Aretha Franklin's Story - Amazing Grace
Music fans have been waiting almost half a century to see a storied documentary that many thought might never see the light of day: Aretha Franklin's Amazing Grace. Originally directed by Sydney Pollack and completed by Alan Elliott, the film has been talked about since it was filmed in a Watts, California church in Protected content the recording sessions for a live album of the same name. Now, 46 years after it was shot, the Amazing Grace movie was finally shown in public for the first time Monday, with initial screenings in New York City and more on the way nationwide. (It will be have limited runs in Los Angeles and New York before the end of the year in order to qualify for the Protected content Awards; it's then expected to go into wider circulation early next year.)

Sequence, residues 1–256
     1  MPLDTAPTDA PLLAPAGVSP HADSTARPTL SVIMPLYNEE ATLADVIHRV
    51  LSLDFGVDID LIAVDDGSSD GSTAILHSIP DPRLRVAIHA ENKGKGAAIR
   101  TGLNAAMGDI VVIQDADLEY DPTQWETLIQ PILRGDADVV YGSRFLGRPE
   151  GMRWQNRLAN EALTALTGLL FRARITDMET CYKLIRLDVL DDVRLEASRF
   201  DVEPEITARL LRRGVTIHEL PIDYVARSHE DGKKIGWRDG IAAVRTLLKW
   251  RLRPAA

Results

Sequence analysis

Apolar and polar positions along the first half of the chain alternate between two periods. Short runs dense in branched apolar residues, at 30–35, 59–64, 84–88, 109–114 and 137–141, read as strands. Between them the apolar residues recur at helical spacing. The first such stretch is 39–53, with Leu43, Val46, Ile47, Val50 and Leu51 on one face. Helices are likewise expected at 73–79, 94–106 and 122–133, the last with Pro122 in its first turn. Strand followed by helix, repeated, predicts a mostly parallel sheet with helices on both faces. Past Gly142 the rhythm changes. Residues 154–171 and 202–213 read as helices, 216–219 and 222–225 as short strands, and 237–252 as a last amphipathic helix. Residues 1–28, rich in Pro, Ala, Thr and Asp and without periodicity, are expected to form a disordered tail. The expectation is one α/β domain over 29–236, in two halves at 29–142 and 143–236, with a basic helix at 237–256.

As a document of an iconic musician's skills, the film is essential. But Amazing Grace is far more than that: Watching it is a transcendent, spine-tingling, uplifting, utterly joyous experience. As cherished as the album version has been since its release, the film is nothing short of a revelation, soaring from one chill-inducing moment to another.
Sorry, but you are not allowed to join this Activity Group!
We are afraid that you cannot join, because the Consuls have limited access to this Activity Group.
If you would like to explore other InterNations Activities in your Local Community, please have a look at this overview page.